the low number of customers using the Covid Tracer app is worrying workers (getty images)

Not scanning in? Your barista is judging you

Ignoring those QR codes when you drop into the supermarket? Can’t be bothered when you grab a coffee? The people serving you notice, and you’re freaking them out.

So far, New Zealanders’ use of the Covid-19 Tracer app has been notably woeful. Food industry workers who’ve watched streams of customers walk straight past their workplace’s QR codes know this all too well.

Things are looking slightly better this week with Ashley Bloomfield noting in yesterday’s Covid-19 update that there has been “some increased use of the Covid Tracer app”. Not really the most enthusiastic language in the world, but it’s certainly a good sign. The day after the Northland case was reported there were 20,000 new users of the app, meaning there’s now almost 2.5 million people registered. Clearly more and more people are wanting to be both scrupulous and assiduous when it comes to scanning in. This is definitely something to celebrate but we need to keep it up.

Christchurch-based hospitality worker Ellsie Coles says the number of customers who don’t scan in drives her “insane”.

“If you’re gonna go and sit in the corner and drink your coffee and interact with staff and other people coming through, the least you can do is sign in.”

Photo: Getty Images

While working at a cafe within a supermarket recently, Coles says staff faced consistent verbal abuse from customers when asked to sign in. Some customers who didn’t have the app and were asked to sign in manually didn’t trust staff with their information and gave names and phone numbers that were clearly fake. Coles says “it was awful, it was so difficult to deal with.”

Working long days and serving hundreds of different people each shift is typical for hospitality workers, so they bear a significant risk if there’s another community outbreak. Restaurant, cafe and bar jobs require close contact with patrons, whether you’re leaning over groups of people to put meals on tables, touching people’s used cutlery and glasses or taking drink orders from hordes of people yelling at you across a thin bar.

“People seem to think just because there’s no active cases in their area that they don’t need to keep signing in, without considering the further implications of that or what could happen,” says Coles.

The consequences of dodging those QR codes not only heightens the risk for the health of hospitality workers, but also for their livelihoods if we’re forced to go into lockdown again. For workers who already have low job security in an industry where employers have been accused of pocketing all or some of the wage subsidy, it can be concerning. You can’t work from home if you’re a barista, bartender or server.

“I’ll have no source of income if people don’t scan in and keep track of things, and yet people don’t look past that or consider anything other than themselves,” says Coles.

While working at an event for a corporate firm, Coles says she saw just three of the around 150 guests sign in. She remembers a bouncer asking a woman to sign in who then held her phone up to the scanning code without having the Covid Tracer app open. To Coles this type of behaviour reflects a complete disregard for staff wellbeing, health and safety.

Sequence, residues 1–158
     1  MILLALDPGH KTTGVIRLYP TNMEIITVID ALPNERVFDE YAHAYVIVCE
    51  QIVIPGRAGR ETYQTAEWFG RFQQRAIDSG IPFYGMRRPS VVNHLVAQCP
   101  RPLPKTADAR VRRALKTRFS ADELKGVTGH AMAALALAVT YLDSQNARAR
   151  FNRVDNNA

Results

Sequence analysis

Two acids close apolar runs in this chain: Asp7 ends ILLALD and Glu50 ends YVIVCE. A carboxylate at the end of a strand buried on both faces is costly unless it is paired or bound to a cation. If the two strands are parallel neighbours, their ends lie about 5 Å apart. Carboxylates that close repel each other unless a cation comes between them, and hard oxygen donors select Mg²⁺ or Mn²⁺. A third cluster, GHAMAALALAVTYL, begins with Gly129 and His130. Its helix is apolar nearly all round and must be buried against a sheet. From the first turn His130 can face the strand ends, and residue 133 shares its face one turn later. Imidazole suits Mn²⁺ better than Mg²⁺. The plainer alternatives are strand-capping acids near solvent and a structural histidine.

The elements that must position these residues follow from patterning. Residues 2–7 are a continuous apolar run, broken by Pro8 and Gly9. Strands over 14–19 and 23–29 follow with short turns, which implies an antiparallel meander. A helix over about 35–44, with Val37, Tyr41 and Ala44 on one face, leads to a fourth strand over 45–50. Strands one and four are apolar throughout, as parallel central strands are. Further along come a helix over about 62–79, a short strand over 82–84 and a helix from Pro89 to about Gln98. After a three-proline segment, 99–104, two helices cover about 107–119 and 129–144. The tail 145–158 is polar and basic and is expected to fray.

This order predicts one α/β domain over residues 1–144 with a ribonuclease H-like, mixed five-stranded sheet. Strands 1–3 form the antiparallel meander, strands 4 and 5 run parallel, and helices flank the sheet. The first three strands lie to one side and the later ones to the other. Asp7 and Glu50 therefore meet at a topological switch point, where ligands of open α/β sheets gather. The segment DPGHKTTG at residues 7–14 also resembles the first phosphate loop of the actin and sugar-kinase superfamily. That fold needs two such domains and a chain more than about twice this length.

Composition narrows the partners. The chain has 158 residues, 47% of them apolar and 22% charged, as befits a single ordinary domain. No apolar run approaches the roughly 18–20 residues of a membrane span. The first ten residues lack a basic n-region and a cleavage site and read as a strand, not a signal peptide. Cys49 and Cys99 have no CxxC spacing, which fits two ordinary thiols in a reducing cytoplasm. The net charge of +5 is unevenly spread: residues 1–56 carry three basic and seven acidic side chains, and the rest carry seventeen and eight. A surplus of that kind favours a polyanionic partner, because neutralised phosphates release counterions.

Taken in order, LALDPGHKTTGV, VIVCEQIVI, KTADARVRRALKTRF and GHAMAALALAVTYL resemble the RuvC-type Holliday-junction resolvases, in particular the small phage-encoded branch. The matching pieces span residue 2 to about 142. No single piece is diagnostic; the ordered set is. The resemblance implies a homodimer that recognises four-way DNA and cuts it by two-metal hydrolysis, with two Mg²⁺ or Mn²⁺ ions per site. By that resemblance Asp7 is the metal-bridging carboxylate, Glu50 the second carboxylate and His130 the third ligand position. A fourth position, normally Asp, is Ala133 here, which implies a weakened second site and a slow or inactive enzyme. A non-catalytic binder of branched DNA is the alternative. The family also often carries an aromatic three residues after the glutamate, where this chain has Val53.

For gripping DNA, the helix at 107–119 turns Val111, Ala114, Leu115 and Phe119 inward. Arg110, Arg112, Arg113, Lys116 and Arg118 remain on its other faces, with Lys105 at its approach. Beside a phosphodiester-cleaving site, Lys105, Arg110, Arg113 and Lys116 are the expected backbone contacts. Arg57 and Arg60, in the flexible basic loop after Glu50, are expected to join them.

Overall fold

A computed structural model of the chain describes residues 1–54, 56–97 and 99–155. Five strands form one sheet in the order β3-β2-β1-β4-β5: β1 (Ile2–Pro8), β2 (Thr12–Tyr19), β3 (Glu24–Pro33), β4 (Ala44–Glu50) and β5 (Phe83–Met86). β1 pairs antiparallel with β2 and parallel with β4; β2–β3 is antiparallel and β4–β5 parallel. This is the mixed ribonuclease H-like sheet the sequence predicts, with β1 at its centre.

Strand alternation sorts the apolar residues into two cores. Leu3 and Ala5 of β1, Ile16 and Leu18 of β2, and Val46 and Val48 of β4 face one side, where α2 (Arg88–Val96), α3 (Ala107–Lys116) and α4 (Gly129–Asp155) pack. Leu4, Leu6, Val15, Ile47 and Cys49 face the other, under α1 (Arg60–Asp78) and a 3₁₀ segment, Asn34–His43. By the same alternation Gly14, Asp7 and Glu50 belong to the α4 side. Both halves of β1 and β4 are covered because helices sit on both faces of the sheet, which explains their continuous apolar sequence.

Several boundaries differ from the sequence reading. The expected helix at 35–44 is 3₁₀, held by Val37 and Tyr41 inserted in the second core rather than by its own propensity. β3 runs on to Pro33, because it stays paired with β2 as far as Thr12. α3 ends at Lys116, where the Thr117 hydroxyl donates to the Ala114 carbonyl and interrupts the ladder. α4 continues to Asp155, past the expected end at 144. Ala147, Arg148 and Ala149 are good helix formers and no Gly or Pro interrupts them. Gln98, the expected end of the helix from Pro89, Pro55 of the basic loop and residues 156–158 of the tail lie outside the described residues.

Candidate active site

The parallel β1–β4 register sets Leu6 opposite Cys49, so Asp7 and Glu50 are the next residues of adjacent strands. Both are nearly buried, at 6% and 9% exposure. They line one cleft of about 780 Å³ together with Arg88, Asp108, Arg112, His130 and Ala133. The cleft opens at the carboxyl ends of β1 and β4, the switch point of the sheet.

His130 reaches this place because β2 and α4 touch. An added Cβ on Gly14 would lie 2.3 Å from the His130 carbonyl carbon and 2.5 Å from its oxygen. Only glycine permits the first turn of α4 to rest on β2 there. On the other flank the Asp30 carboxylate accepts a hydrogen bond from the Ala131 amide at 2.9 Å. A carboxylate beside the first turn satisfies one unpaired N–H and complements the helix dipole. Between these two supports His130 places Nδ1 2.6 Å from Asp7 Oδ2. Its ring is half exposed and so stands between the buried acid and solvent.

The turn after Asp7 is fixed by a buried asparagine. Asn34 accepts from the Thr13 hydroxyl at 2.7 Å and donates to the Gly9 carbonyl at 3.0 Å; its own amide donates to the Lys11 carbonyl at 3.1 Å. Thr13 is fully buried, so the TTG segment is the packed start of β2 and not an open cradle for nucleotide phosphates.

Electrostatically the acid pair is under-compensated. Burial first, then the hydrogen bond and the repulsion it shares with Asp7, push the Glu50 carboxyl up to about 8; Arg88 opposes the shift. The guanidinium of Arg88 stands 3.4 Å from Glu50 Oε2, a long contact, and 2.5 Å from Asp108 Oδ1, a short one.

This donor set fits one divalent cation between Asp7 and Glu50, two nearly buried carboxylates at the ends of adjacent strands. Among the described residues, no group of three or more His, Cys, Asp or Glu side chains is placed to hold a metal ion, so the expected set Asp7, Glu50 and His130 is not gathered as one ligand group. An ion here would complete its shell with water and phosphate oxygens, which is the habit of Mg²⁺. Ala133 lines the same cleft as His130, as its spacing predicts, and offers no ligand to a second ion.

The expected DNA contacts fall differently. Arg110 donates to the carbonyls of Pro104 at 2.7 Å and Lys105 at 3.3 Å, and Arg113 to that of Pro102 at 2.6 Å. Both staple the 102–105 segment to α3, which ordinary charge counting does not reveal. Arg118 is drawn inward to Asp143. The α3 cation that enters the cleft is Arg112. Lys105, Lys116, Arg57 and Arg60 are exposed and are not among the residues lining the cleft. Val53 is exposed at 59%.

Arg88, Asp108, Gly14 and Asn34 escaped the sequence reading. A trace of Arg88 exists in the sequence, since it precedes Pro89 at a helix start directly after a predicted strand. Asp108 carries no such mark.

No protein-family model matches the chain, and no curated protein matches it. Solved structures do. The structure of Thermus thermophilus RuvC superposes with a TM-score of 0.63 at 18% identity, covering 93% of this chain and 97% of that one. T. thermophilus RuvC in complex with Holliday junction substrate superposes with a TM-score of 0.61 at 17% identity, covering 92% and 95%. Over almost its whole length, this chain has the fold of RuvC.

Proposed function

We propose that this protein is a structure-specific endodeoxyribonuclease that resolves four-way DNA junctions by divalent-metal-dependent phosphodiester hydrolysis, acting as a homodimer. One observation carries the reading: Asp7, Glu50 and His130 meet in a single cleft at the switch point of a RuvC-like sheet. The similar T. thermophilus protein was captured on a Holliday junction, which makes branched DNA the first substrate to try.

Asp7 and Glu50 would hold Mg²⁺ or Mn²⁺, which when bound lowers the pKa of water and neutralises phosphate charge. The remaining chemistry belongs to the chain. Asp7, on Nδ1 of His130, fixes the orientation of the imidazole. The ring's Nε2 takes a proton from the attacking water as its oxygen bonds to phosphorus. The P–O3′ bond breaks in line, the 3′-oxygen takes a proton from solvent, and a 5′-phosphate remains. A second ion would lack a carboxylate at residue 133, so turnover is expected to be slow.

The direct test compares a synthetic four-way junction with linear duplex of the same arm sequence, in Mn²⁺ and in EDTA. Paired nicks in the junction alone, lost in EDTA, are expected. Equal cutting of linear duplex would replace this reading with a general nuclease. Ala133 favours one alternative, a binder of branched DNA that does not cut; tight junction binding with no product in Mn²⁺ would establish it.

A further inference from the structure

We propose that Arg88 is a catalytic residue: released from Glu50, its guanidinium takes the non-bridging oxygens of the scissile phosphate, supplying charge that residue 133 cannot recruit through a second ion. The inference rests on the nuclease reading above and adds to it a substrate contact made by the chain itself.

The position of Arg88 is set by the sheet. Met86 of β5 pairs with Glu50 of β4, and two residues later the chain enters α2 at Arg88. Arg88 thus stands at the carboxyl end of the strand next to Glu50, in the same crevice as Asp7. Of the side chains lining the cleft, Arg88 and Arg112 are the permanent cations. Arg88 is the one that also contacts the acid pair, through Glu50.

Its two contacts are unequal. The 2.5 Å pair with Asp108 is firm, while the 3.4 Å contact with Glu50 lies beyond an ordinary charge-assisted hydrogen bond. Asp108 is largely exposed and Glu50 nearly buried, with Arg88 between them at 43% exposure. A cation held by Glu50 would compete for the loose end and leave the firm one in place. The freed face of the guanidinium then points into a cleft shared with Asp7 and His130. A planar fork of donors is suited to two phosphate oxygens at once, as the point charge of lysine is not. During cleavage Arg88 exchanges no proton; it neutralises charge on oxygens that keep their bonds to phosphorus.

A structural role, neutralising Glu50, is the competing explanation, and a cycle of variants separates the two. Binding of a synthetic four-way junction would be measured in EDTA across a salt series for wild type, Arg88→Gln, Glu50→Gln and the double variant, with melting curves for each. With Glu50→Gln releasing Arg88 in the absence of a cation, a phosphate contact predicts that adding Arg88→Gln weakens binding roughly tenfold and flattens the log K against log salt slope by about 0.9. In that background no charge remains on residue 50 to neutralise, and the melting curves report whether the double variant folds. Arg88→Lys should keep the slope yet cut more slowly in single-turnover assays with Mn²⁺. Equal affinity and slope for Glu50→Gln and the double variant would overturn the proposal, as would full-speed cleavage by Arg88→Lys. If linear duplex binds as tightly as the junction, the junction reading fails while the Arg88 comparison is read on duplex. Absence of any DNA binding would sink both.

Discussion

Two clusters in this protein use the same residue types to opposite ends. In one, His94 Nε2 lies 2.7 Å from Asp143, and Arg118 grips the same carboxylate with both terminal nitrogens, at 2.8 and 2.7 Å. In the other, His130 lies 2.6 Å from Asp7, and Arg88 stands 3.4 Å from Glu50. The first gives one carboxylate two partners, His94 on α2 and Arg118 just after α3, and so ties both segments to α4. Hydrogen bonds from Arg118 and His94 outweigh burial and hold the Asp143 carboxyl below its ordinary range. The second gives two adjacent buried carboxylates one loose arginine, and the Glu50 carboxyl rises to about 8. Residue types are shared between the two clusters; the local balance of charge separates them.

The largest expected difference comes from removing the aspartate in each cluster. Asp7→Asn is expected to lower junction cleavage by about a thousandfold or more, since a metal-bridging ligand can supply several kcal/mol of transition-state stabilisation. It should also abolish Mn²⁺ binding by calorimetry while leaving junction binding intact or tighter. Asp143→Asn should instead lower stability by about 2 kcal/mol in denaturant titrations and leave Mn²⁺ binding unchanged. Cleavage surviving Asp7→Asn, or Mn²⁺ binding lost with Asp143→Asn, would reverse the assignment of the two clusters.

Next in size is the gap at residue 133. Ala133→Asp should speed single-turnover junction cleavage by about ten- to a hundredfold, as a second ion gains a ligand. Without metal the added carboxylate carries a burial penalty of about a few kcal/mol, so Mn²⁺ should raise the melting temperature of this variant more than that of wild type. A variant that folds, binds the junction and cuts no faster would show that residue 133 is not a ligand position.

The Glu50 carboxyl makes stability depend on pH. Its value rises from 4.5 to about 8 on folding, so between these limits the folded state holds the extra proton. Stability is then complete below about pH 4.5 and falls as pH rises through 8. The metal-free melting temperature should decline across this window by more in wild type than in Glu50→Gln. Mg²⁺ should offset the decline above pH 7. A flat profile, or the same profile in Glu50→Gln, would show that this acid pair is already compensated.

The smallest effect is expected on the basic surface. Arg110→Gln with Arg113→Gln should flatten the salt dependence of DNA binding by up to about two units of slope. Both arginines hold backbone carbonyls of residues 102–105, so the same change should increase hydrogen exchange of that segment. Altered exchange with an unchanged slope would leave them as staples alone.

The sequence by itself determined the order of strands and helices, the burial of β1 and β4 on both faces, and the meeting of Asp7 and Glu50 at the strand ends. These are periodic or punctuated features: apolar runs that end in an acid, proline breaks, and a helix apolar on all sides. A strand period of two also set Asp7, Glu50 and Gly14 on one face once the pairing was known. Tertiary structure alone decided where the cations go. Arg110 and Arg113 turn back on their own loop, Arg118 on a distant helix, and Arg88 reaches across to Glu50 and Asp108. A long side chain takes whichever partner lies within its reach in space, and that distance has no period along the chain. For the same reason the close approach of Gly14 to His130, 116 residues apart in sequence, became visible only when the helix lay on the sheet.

“People need to realise that they can’t both undermine the importance of hospitality staff and their safety and then turn around and get upset because hospitality venues close because of Covid, whether that be because of the lockdown or financial reasons.”

Photo: Getty Images

Wellington restaurant worker Winnie* agrees. “I think this is part of an underlying issue – that there isn’t actually enough respect for hospitality workers in general.”

Winnie has anxiety, so it’s been even more difficult dealing with customers not signing in.

“In the hospitality trade everybody is trying to do their best to serve everyone, to be happy all the time, and I think over the past year it’s been really difficult”

On a shift at the restaurant, she overheard patrons talking about how they were yet to receive their results from Covid tests they had taken the day before. “That puts everyone in the restaurant at risk.”

“I think that signing in is a sign of respect and of teamwork.”

When supermarket worker Carla* is at the checkout she has a clear view of shoppers wandering into the store without signing in. She says her supermarket has plenty of QR posters on the front doors and around the shop.

The threat of the virus is particularly real for supermarket workers, who suddenly became essential workers as the pandemic hit last year. Overseas, research found grocery workers  had a significantly heightened risk of catching Covid-19 compared to the general population. It’s especially concerning for Carla as she’s immune-compromised.

“For someone like me who has low immunity, I think it’s an important thing because if you get someone infected that came into my store, I’ll get a message straight away and I can start doing what I need to do.”

She’s trying to be positive about people’s response since the latest community transmission in Northland. “I think people are becoming more aware about how important it is to scan the Covid apps or at least take a note or write it in the book.”

Another lockdown would mean staying home for most of us. “But not all people are in that privileged position,” says First Union representative Tali Williams. Supermarket workers are immediately put on the frontlines and are “copping the risk”.

“Not doing your bit in terms of contact tracing puts everyone at risk in the country, but particularly vulnerable are those frontline essential workers that we rely on for survival when we do go into lockdown.”




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